Experimental Studies of Wave Particle Interactions in Space Using Particle Correlators: Results and Future Developments

Gough, M P, Buckley, A M, Carozzi, T and Beloff, N (2003) Experimental Studies of Wave Particle Interactions in Space Using Particle Correlators: Results and Future Developments. In: Conference on Future Trends and Needs in Science and Engineering for Plasma Physics in Space, HOUSTON, TEXAS.

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The technique of particle correlation measures directly electron modulations that result from naturally occurring and actively stimulated wave-particle interactions in space plasmas. In the past this technique has been used for studies of beam-plasma interactions, caused by both natural auroral electron beams via sounding rockets and by artificially generated electron beams on Space Shuttle missions (STS-46, STS-75). It has also been applied to studies of how electrons become energised by waves injected from in-situ transmitters (e.g OEDIPUS-C sounding rocket). All four ESA Cluster-H spacecraft launched in 2000 to study the outer magnetosphere, cusp, and bow shock were implemented with electron correlators. Here the prevalent weaker wave-particle interactions have been more difficult to extract, however, the application of new statistical algorithms has permitted these correlators to provide a novel insight into the plasma turbulence that occurs. Present work involves technical improvements to both sensor design and correlator implementation that enable many electron energy-angle combinations to be simultaneously monitored for wave-particle interactions. A broad energy-angle range spectrograph connected to a multi-channel, multi-frequency range FPGA implemented array of correlators. is scheduled to fly early 2004. Neural network techniques previously flown on STS-46 and STS-75, and statistical tests developed for Cluster-H will be used on-board to select data to be transmitted.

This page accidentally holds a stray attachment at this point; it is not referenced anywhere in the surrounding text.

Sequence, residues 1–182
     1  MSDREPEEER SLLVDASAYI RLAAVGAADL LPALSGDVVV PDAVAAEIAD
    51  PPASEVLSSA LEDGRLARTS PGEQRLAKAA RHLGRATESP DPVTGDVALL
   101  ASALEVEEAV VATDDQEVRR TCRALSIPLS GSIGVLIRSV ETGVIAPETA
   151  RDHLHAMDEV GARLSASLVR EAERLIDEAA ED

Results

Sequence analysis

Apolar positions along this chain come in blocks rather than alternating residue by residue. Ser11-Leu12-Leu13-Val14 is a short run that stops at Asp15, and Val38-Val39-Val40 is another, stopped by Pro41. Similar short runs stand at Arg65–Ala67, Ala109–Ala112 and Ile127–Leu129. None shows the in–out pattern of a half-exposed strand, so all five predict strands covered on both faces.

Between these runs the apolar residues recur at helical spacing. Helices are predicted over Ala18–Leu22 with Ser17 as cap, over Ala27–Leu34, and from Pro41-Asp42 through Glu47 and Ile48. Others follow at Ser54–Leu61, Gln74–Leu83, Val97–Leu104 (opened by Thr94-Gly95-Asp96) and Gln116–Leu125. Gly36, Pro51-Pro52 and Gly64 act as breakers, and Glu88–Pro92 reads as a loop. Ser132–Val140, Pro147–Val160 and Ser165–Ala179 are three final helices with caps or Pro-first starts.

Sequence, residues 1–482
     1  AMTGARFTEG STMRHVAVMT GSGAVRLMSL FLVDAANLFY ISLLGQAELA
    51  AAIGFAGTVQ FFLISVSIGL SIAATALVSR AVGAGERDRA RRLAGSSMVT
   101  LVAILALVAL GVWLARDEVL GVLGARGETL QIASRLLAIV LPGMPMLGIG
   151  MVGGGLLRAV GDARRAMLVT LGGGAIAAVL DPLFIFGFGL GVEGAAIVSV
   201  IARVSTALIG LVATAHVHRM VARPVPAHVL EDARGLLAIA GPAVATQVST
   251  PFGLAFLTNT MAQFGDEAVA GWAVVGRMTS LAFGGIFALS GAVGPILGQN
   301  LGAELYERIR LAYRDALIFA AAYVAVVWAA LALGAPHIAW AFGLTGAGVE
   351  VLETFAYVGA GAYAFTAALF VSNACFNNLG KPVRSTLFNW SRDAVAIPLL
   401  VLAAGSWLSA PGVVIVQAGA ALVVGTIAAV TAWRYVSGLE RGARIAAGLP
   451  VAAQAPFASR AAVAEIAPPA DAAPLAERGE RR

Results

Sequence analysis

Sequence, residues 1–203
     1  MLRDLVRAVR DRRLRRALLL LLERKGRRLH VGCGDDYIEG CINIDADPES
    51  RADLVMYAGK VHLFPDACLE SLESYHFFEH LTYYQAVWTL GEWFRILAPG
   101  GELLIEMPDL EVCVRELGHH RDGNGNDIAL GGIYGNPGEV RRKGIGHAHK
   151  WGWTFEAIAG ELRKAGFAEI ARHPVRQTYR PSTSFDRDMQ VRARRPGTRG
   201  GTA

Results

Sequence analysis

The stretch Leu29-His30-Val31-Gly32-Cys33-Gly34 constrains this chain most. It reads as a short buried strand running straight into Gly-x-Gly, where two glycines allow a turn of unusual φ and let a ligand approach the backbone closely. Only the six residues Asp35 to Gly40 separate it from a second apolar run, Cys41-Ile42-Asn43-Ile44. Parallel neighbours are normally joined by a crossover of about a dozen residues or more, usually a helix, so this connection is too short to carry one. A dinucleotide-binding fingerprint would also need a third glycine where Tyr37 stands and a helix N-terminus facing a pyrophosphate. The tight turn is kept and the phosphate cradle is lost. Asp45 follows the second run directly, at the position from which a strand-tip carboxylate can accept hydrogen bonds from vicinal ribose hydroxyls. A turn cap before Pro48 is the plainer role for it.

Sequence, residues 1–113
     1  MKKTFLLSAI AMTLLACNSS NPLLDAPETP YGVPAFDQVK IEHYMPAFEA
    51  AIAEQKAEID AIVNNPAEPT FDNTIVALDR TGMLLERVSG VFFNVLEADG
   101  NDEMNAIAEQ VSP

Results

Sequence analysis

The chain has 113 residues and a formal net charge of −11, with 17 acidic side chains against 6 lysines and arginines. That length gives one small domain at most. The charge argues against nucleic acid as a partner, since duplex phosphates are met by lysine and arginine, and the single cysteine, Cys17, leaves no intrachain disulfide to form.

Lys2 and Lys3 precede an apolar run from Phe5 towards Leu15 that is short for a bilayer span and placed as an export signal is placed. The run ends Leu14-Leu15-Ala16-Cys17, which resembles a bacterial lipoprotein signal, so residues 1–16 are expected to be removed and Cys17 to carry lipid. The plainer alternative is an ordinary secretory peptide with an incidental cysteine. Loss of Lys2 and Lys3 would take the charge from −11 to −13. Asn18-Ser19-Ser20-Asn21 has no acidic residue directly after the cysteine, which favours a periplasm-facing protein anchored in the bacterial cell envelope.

Item Type: Conference or Workshop Item (Paper)
Additional Information: This paper presents the performance and future applications of the Particle Correlator instruments designed and built at the University, these instruments effectively compress data, hence making a direct saving on costly telemetry usage. The high time resolution measurements represent an enhancement in technical performance. The NASA Group Achievement Certificate was awarded to the first three authors in August 2004 for work on the Cluster II mission (instrumented with Particle Correlators). These new correlation techniques have also been incorporated into future space instruments to be flown on the International Space Station in 2008 and Solar Orbiter mission in 2015.
Schools and Departments: School of Engineering and Informatics > Engineering and Design
Depositing User: Paul Gough
Date Deposited: 06 Feb 2012 20:07
Last Modified: 11 Apr 2012 15:15
URI: http://sro.sussex.ac.uk/id/eprint/24154
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